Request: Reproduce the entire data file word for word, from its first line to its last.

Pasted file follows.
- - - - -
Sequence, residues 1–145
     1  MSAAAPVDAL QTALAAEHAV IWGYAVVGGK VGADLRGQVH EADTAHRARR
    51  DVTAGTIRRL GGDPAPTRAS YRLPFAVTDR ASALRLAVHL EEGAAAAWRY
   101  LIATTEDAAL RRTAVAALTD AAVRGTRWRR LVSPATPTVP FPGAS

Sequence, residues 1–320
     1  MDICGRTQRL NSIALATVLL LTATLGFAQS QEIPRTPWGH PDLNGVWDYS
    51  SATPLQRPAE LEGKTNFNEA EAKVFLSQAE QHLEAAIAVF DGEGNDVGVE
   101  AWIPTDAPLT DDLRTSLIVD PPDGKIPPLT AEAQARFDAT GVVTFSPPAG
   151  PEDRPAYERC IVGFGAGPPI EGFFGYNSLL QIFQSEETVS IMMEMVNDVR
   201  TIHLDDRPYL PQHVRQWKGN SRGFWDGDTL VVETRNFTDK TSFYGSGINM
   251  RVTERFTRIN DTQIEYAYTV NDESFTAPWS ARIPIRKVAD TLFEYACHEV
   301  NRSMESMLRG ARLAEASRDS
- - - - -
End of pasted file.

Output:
Sequence, residues 1–145
     1  MSAAAPVDAL QTALAAEHAV IWGYAVVGGK VGADLRGQVH EADTAHRARR
    51  DVTAGTIRRL GGDPAPTRAS YRLPFAVTDR ASALRLAVHL EEGAAAAWRY
   101  LIATTEDAAL RRTAVAALTD AAVRGTRWRR LVSPATPTVP FPGAS

Sequence, residues 1–320
     1  MDICGRTQRL NSIALATVLL LTATLGFAQS QEIPRTPWGH PDLNGVWDYS
    51  SATPLQRPAE LEGKTNFNEA EAKVFLSQAE QHLEAAIAVF DGEGNDVGVE
   101  AWIPTDAPLT DDLRTSLIVD PPDGKIPPLT AEAQARFDAT GVVTFSPPAG
   151  PEDRPAYERC IVGFGAGPPI EGFFGYNSLL QIFQSEETVS IMMEMVNDVR
   201  TIHLDDRPYL PQHVRQWKGN SRGFWDGDTL VVETRNFTDK TSFYGSGINM
   251  RVTERFTRIN DTQIEYAYTV NDESFTAPWS ARIPIRKVAD TLFEYACHEV
   301  NRSMESMLRG ARLAEASRDS